Criterion offers what should prove to be a definitive transfer of a pivotal and still overwhelmingly intimate David Lynch film.
Lynch's paintings are beautiful yet macabre, mysterious and rich in the tactility of the methods of their creation.
Shout! Factory outfits David Lynch’s worst film with a competent yet weirdly retro Blu-ray that squanders the possibilities of the medium.
The thorniest nostalgia trip in the history of television has been outfitted with a gorgeous and painstaking transfer.
Lynch’s misunderstood film receives a transformative restoration that brings its tarnished beauty to life.
Criterion emphasizes sensorial texture over context, with a sparse supplements package that leaves quite a bit to the imagination.
John Carroll Lynch’s Lucky is an impeccably acted yet sentimental film that’s bashful about said sentimentality.
The finale invites us to inquire into our own motives for wanting to revisit the series.
In the latest episode, David Lynch implicates his audience in Twin Peaks’s unfolding dream.
Lynch has always conjured up his disorienting and disturbing narratives according to an intuitive dream logic.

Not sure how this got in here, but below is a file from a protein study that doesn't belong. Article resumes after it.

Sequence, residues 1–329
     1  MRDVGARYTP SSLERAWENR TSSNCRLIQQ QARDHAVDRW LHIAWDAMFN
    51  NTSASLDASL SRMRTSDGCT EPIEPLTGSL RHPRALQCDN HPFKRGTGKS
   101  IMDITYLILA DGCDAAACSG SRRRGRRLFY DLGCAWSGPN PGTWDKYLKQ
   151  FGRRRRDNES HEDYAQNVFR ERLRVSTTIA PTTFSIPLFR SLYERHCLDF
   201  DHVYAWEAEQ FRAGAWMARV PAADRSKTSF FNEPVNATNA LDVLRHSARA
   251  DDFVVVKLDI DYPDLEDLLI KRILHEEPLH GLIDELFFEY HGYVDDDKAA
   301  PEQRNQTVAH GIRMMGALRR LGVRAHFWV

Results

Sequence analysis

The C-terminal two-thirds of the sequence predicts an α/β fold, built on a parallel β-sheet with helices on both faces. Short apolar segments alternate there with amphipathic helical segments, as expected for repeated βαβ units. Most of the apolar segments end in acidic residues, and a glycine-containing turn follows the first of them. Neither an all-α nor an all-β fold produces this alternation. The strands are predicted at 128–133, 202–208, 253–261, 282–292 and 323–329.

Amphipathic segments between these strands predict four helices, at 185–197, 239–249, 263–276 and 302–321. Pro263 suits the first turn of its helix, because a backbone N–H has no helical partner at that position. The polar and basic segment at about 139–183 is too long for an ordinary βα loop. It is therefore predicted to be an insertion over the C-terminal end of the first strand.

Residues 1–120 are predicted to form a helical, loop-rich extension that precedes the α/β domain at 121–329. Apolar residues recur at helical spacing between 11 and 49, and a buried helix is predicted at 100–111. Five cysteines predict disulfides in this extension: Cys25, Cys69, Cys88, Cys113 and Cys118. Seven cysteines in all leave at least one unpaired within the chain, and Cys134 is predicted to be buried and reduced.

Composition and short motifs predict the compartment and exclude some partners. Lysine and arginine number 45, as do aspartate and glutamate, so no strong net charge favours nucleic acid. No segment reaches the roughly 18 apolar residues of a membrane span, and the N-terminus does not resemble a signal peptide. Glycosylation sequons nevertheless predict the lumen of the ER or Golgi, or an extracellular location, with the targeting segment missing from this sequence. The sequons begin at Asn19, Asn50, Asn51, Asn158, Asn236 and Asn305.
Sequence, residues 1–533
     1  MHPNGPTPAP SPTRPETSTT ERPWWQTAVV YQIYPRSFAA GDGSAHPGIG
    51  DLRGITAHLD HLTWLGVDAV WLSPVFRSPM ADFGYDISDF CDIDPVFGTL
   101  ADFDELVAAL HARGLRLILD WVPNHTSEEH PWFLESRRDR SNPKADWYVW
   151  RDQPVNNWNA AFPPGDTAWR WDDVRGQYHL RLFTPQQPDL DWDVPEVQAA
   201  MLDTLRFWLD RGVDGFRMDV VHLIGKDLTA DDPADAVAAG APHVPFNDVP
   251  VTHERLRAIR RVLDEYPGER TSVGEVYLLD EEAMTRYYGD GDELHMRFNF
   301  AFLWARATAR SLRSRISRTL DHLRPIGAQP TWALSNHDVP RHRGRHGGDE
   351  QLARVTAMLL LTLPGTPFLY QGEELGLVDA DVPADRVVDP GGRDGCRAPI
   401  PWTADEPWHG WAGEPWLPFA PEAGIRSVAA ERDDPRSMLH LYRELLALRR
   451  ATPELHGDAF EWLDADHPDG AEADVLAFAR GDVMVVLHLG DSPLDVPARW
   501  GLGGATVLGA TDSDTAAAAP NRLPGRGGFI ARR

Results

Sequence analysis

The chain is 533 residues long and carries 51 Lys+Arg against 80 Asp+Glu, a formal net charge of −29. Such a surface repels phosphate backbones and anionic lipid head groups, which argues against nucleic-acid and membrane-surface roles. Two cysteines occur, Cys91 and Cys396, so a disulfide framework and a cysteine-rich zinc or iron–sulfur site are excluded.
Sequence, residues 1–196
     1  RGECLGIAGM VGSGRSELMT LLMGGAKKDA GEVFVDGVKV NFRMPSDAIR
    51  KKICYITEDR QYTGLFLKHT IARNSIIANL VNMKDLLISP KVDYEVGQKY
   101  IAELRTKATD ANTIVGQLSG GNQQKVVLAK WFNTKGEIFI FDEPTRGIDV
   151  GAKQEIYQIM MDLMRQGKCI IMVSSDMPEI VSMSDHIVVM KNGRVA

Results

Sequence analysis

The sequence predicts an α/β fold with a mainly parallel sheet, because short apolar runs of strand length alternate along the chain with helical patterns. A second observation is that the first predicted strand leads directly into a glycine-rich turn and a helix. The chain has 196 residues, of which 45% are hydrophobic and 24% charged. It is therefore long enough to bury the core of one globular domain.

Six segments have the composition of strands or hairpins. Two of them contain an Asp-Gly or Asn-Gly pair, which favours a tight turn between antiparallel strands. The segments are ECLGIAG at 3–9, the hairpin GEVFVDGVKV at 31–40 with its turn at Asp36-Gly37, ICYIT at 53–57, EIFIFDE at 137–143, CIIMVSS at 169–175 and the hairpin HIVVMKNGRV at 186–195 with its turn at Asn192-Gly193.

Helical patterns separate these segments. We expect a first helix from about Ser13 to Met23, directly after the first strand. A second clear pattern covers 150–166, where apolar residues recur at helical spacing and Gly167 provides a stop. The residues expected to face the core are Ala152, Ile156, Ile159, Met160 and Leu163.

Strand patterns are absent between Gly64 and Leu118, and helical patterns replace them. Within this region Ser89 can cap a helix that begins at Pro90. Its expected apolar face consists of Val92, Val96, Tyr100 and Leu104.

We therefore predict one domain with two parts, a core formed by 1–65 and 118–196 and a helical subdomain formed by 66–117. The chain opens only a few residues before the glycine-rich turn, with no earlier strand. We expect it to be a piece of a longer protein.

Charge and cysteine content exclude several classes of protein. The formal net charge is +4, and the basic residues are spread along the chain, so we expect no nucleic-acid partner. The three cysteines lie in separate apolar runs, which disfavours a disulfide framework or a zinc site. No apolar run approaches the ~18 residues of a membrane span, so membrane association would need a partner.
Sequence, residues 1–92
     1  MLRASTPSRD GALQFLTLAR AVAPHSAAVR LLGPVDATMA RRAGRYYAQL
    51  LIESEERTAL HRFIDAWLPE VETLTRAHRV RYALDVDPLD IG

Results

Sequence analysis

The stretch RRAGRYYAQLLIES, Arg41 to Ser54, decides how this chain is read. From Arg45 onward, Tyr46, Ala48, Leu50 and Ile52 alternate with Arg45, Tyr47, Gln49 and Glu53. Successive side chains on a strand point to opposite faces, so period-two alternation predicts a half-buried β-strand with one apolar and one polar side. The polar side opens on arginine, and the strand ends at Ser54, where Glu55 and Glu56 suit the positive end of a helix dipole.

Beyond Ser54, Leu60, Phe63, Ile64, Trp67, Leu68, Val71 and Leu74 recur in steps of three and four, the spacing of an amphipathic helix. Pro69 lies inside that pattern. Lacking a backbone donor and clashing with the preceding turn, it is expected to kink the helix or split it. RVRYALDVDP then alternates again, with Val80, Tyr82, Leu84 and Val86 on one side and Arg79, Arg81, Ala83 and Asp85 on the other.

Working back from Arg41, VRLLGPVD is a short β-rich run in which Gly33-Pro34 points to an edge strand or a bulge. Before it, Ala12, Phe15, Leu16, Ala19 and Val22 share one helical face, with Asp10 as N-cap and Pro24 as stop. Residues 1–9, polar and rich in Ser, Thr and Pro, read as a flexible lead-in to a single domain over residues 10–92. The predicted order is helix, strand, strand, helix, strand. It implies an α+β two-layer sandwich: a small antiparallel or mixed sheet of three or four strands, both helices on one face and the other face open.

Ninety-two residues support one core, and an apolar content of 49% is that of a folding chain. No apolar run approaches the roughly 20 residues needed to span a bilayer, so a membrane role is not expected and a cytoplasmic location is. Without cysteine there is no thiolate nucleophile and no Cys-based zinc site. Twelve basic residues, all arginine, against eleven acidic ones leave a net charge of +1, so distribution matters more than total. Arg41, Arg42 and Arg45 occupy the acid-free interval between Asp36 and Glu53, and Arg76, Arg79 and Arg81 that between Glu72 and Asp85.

A damn good slice of cherry pie plays a pivotal role in several storylines from the latest episode.
Even apologists for deep-seated perversity will have a tough time justifying long stretches of the latest episode.
The episode divides its time between domestic drama, overarching mythology, and seriocomic pop surrealism.
As of the latest episode of Twin Peaks: The Return suggests, the darkness seems to be winning.
The episode’s frequent matched pairs and expository repetitions seem to draw attention to themselves.
The latest episode of Twin Peaks is a delirious descent into the murky matrix of material existence.
The episode uses David Lynch’s abiding preoccupation with mirror imagery as an often subtle structural device.
Many of the events in the latest episode of Twin Peaks seem to depend on the toss of a coin.
We might expect it to end on the performance, as each episode has until now, but Lynch throws us a curveball.
The episode’s emotional epicenter is Bobby Briggs, now white-haired and working as a deputy for the department.